I agree with @aieeegrunt in that I don't find the "Sliding Tile Puzzle" (love that metaphor) to be fun. Managing more than 5 or 6 units in a Sliding Tile Puzzle is onerous, especially if hills or other slow terrain is involved. I played several hundred hours in Civ V; I never felt that the AI mastered the STP. I've played more hours in BERT, where quite a bit of combat takes place on the sea/ocean -- by definition, no hills, it's all "flat" and easy to move through. The AI conducts much better, much more effective, attacks on my cities with its ships than with its land units. This leads me to the conclusion that the Civ V / BERT AI never truly solved the STP on land.

I have more experience with CIv III (1500 hrs) than with Civ IV (few hundred hrs), and can attest that the AI effectively moves each unit to attack both cities and units in the field when it does not need to worry about the positions of other units. Each unit can be moved independently. They sometimes can be convinced to move towards the wrong target. But both the Civ III and Civ IV AI are able to produce stacks of units (each between 8 to 15 units), move them effectively, and pose a threat to the human player's cities. The key is not the size of the stack, but the ease of moving the units.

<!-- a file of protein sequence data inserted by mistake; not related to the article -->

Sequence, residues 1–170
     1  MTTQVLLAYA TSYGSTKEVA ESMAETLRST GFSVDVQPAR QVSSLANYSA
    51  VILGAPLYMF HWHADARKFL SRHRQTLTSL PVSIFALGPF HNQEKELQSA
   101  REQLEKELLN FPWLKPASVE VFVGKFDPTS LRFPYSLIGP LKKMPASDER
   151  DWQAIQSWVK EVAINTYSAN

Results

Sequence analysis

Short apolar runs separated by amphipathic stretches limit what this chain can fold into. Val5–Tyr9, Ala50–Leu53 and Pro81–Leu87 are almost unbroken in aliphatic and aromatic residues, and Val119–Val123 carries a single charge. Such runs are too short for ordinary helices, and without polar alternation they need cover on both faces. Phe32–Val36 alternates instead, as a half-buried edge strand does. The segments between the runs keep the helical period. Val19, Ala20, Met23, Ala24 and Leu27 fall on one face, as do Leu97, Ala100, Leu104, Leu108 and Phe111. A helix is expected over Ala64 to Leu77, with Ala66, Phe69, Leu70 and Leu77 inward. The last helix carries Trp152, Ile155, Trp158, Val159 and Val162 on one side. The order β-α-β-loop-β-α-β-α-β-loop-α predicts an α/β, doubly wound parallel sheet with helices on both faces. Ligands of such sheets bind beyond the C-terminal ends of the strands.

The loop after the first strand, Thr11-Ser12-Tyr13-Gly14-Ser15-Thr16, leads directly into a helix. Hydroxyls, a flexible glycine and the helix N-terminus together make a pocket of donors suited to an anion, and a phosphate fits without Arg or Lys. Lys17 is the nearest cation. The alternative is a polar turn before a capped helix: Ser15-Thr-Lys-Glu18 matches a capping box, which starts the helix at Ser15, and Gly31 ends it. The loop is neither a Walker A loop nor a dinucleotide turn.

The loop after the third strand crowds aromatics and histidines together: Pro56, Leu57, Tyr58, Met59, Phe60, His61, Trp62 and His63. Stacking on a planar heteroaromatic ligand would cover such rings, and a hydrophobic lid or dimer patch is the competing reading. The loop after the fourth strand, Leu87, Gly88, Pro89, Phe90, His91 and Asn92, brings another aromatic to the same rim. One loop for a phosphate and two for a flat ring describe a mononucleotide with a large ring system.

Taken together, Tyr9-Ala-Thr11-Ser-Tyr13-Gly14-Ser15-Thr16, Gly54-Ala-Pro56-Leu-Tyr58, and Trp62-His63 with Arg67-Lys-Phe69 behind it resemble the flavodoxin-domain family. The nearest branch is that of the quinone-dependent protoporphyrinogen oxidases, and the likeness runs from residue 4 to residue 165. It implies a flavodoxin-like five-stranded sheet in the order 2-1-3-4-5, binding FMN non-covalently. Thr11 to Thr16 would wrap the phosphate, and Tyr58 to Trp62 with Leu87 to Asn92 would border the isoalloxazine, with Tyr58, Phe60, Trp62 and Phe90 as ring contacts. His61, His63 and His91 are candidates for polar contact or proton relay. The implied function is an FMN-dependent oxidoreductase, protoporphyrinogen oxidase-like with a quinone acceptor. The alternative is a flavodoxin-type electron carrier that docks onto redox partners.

Oh totally. Civ6 has no stacking AND terrain AND low movement AND you can’t use fractional move points. It’s like they deliberatly “optimized” movement to be as frustrating as possible on purpose

As an aside, the “wasted” move points mean a ton of wasted clicks hitting “skip” on units that technically still have moves available but cannot actually move anywhere. Horrible. Just more ammunition for the case that this game either had zero playtesting, the playtesters were ignored, or were Vulcans or something.

I need more experience with Civ VI before I can draw a similar conclusion about whether it is better at the STP than the Civ V AI.
I need to install the mod that corrects the AI science bug typo, to get a truer picture of how many units the AI will build and how it will use them.

The base game BEFORE the science typo, and another aside; HOW THE HELL IS THIS NOT FIXED. And yes, this is a situation where all caps is justified.

Anyway the base game before that…situation the AI did build sizeable armies. Mind you because of the Literally Worst Movement System Ever Created it couldn’t use them effectively, but it did happen

Even now, if you use my custom game settings in the base game the AI will still wage wars in all eras, it just is horribly crippled by the Literally Worse Movement System Ever Created